Lifestyle

Anatomy of an apple strudel: A favorite thing, for centuries

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Apple strudel MUST CREDIT: Photo for The Washington Post by Deb Lindsey[]

Apple strudel has a way of evoking nostalgia. For Helene Gallent, owner of Little Austria, a small Leesburg, Virginia, company specializing in Austrian sweets, apple strudel is the taste of childhood spent in the southern Austrian region of Carinthia. The sweet pastry filled with cinnamon-spiced apples is a welcome sight any time of year, but perhaps more so in autumn.

Strudel, with a number of fillings savory or sweet, is found throughout central and western Europe. The first written recipe dates to the 1696 manuscript “Koch Puech.” Its connection to German-speaking nations (“strudel” means “whirlpool” in German – a reference to the swirly appearance some types have when sliced) provides a boost of popularity come Oktoberfest season, in mid- to late September.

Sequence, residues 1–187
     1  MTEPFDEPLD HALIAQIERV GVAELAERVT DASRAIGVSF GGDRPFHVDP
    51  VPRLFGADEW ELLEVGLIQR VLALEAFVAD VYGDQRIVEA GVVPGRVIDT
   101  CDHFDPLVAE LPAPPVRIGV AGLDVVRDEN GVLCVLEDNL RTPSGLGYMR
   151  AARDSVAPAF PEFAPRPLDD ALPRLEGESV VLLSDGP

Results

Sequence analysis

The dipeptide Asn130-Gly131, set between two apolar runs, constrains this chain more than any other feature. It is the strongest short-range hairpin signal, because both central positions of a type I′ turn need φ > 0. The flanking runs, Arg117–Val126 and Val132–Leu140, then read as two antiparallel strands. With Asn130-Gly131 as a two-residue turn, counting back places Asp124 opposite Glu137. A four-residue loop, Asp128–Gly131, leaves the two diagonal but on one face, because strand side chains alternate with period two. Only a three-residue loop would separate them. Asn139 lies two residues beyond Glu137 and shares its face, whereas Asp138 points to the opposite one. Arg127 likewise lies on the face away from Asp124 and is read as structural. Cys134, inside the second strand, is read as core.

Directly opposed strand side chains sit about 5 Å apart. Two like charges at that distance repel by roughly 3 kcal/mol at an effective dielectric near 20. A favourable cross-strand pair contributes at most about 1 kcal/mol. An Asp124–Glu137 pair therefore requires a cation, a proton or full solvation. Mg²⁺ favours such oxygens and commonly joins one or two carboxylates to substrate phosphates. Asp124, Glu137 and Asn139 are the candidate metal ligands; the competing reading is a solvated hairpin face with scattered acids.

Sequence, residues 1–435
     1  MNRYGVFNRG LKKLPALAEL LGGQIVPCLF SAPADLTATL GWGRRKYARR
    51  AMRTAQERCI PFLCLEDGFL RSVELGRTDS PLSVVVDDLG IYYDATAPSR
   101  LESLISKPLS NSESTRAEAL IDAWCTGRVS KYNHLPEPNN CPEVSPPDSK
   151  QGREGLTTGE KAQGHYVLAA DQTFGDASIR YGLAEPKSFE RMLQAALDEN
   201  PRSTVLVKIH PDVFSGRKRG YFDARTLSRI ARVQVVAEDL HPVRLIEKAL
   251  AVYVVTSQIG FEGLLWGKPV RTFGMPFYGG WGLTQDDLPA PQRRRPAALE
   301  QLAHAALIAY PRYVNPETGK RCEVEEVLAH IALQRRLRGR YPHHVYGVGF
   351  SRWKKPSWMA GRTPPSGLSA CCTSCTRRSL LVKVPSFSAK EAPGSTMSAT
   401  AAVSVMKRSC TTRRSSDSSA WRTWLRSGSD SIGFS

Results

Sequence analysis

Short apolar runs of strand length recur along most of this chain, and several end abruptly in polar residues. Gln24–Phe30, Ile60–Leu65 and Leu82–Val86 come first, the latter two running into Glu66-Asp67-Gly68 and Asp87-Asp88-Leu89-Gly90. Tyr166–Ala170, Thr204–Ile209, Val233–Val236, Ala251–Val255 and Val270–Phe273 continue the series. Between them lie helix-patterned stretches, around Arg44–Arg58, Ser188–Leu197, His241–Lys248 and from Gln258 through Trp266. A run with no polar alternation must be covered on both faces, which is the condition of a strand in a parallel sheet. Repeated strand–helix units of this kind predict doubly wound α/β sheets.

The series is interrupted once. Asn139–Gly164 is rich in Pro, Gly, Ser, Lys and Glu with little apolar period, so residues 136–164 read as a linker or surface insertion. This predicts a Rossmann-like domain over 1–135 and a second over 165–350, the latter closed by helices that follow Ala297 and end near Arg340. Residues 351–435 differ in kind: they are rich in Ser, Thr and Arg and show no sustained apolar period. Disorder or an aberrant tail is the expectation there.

Crust

Gallent stretches her sunflower-oil-based dough into a super thin sheet, which, once rolled with the apple filling and brushed with butter, creates a multilayered, slightly crisp crust. German Gourmet in Falls Church, Viriginia, and Heidelberg Pastry Shoppe in Arlington, Virginia, use puff pastry, creating a flaky, slightly doughier shell.

Fruit

Nearly any variety of fruit can be used, but apple seems to be the most popular; likewise, the slice and texture of the filling is quite variable. Some apples, like those used by Little Austria, are thinly sliced; German Gourmet’s filling is chunkier, while Heidelberg Pastry’s recalls apple sauce, as the filling is cooked before going into the strudel.

Raisins

Love it or hate it, the dried fruit is a common addition. It adds a dimension of sweetness and a bit of chew.

Sugar and spice

Naturally, cinnamon is the spice of choice here; Little Austria treads lightly with the spice while also keeping the sweetness in check. German Gourmet’s strudel is more cinnamon-forward.